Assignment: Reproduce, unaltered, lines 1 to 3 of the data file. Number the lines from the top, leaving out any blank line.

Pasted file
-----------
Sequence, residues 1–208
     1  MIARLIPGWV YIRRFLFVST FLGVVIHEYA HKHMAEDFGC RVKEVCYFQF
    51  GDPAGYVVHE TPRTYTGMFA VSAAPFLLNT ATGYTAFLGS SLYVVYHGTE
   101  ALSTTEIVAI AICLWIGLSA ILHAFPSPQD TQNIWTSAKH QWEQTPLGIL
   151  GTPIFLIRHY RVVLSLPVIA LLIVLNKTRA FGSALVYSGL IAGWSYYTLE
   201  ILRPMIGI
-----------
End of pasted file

Sequence, residues 1–208
     1  MIARLIPGWV YIRRFLFVST FLGVVIHEYA HKHMAEDFGC RVKEVCYFQF
    51  GDPAGYVVHE TPRTYTGMFA VSAAPFLLNT ATGYTAFLGS SLYVVYHGTE